Recent News

Meg Lemke
As an acquisitions editor at Teachers College Press, Columbia University (, I balance on the tensions between scholarly and professional, advocacy and art. Schooling and what we publish about it is deeply political. Education is an applied science; its social experiments and passionate reforms are tested on our next generation. As research informs policy, it changes children’s lives. How do I use my English major? To state the obvious: if you... Read more
Melvin Sterne
I worked construction for twenty years. In my forties, I began to think about what kind of life I wanted, as opposed to the life I had stumbled into. What I wanted was to travel and write and loaf.  I’d been writing for years, but had yet to publish a word. And who could afford to travel? Of course, writing could hardly pay the bills, but the idea appealed to me. On the other hand, I felt a debt of gratitude to the teachers who had helped me through some very difficult times in my youth. I... Read more
Fat of the Land book cover
It will be twenty years this autumn that Langdon Cook entered the masters program in creative writing at the University of Washington. The M.F.A. at UW brought Cook to the Pacific Northwest for the first time. It was the beginning of an unlikely chain of events that would include jobs in both the howling wilderness and the New Economy and lead to a highly acclaimed book about the joys of slow food. I’ve had a front row seat all along—as a fellow classmate and wife. A tip from one of his... Read more
Martha Silano
There’s a joke in our family about my wife, Martha Silano, mother of two, author, blogger, assistant editor, manuscript consultant, elementary school volunteer, outdoors enthusiast, and full-time college instructor. People ask me, So when does she write poetry? “At red lights,” I say. Funny but true. Martha does often get inspired on her daily commutes to and from Bellevue College, where she teaches composition and creative writing. She’ll scratch out notes in a faculty parking lot,... Read more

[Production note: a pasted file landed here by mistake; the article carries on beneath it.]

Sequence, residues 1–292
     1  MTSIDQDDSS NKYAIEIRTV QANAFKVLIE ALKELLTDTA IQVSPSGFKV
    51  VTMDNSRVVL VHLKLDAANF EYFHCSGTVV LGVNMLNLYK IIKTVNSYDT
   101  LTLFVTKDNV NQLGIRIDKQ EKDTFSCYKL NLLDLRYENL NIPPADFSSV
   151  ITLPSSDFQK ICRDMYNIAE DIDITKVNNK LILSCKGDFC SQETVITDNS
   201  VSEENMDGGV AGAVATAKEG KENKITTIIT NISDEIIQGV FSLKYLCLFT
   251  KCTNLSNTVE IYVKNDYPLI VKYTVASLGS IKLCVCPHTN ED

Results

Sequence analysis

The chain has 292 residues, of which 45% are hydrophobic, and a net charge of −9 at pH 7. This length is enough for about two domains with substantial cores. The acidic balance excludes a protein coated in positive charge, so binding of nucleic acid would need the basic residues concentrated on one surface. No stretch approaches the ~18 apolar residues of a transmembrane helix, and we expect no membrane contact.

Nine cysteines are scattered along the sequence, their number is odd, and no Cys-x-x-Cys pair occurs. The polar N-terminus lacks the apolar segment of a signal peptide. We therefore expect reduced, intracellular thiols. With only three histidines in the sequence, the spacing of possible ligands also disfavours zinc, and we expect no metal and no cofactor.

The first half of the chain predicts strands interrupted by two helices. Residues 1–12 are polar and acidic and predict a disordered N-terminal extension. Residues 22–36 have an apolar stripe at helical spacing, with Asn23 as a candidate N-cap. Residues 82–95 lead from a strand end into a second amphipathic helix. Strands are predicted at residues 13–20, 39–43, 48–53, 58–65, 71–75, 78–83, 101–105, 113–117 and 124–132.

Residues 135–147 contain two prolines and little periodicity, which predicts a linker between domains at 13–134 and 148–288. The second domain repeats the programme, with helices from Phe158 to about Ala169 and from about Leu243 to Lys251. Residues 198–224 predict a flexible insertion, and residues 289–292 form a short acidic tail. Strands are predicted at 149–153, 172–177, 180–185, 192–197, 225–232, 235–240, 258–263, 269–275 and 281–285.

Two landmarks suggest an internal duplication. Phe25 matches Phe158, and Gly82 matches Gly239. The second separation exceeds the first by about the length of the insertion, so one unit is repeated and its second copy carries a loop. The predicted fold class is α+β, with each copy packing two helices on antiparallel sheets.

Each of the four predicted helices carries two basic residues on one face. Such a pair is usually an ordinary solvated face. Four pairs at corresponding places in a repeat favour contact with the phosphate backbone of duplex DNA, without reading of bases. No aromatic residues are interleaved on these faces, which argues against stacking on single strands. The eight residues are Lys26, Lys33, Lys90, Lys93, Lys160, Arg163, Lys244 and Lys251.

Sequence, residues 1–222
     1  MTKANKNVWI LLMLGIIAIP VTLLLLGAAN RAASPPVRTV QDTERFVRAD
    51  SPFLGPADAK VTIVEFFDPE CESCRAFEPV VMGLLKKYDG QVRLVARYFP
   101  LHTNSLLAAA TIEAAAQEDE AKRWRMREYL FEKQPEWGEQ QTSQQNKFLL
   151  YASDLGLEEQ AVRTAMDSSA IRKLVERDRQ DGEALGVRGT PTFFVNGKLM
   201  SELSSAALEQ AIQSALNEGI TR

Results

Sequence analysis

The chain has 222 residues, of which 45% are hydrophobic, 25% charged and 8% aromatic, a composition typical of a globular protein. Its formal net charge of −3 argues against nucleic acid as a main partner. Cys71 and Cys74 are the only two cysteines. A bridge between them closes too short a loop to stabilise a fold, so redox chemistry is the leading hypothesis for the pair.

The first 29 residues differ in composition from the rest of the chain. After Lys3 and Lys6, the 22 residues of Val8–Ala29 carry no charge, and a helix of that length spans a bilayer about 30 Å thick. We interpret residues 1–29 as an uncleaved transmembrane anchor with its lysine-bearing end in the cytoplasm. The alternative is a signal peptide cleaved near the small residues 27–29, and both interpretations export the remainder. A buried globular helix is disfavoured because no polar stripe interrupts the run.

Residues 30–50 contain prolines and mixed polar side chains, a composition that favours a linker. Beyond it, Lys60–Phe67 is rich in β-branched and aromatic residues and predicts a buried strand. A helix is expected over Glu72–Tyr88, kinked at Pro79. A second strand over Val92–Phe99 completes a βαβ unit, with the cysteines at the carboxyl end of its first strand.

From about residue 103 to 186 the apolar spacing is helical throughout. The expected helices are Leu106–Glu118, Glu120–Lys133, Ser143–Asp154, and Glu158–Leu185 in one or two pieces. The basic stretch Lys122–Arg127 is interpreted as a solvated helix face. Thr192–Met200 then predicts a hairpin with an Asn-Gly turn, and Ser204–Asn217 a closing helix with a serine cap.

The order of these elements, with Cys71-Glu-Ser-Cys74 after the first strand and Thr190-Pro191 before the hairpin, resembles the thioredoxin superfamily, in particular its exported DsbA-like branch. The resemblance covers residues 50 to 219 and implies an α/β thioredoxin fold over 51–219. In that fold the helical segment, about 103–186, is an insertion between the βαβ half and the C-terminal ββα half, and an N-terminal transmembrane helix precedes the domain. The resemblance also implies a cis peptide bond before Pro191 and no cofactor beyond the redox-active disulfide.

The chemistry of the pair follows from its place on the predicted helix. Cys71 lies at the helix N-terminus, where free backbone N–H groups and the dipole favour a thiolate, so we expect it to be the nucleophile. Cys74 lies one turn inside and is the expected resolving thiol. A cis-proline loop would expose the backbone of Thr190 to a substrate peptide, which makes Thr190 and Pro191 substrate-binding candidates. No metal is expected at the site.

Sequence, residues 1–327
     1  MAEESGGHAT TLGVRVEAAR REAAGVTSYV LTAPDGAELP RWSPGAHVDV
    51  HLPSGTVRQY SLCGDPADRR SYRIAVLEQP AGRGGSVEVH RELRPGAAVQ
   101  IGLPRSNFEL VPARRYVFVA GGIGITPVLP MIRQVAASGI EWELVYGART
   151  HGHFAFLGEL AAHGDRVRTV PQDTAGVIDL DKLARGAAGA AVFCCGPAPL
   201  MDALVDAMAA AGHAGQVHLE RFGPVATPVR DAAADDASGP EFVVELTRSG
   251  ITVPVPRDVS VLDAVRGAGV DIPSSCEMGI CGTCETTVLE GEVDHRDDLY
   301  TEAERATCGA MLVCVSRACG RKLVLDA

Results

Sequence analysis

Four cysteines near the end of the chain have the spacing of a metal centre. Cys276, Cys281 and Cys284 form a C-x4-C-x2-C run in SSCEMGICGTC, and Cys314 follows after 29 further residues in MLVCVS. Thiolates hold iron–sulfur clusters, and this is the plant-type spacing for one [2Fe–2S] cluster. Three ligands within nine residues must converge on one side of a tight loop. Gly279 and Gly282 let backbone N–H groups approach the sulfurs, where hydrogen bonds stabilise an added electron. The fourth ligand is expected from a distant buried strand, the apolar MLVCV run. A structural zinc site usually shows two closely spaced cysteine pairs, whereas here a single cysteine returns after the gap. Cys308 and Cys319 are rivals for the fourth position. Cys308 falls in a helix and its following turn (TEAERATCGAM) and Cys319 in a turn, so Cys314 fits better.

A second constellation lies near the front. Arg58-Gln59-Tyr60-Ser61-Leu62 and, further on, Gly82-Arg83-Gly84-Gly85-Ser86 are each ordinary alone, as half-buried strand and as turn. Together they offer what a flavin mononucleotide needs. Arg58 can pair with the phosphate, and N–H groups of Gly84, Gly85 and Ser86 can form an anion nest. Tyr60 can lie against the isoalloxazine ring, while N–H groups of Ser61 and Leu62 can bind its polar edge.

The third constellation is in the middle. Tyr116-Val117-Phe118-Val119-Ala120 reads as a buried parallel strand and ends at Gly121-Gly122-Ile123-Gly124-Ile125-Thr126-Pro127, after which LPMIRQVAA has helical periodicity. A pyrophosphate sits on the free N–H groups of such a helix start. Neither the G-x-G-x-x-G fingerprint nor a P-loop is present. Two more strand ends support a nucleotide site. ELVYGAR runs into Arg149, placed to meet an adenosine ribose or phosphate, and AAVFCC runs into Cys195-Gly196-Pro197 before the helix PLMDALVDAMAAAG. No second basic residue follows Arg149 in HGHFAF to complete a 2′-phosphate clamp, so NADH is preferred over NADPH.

Kitsap Tri Babes
I entered the English graduate program in 1986. My mind’s desire was to study feminist critical theory. The buzz word du jour was “praxis.” One’s theory must be grounded in practice; one must walk the talk. I expected to create praxis through a professorship, and I did spend a decade in that role, but I have had a far greater impact in another arena. Twenty-five years later, I remain a deconstructionist at heart, but my path to praxis is one I never imagined. In 2003, I convinced friends to do... Read more
Jaebadiah S. Gardner
As an undergrad, I wanted to pursue a major that made me happy. I loved to write, and I loved literature, so an English major wasn’t a difficult decision for me to make. All through those undergraduate years, people would ask me, “What are you going to do with an English degree, teach?” Or I would get the ever-so-common, “You know there’s no money in an English degree, right?” I knew what made me happy, and I knew what I was good at, but somehow, I was expected to put myself in this nice little... Read more
Theresa Ripp at St. Jude's Hospital
When I started as an undergraduate student at the University of Washington, I knew I wanted to be an English major. I just never anticipated that my English degree would allow me to travel across the western half of the United States and give me an opportunity to raise money for children in their most desperate hours. For the past five years, I have worked for ALSAC/St. Jude Children’s Research Hospital for their Pacific Northwest office in Seattle. We handle fundraising and special events for... Read more
Brian Christian
Brian Christian, MFA 2008Poet, Author, Lecturer I was an atypical applicant to the M.F.A. program in creative writing. I came not from an English background, but from a double-major in computer science and philosophy. Already I was used to fielding “So what are you going to do with that combination?” at family gatherings; that I was now adding poetry to the list surely was not going to help. Instinct told me that as long as I followed my compass, I didn’t need... Read more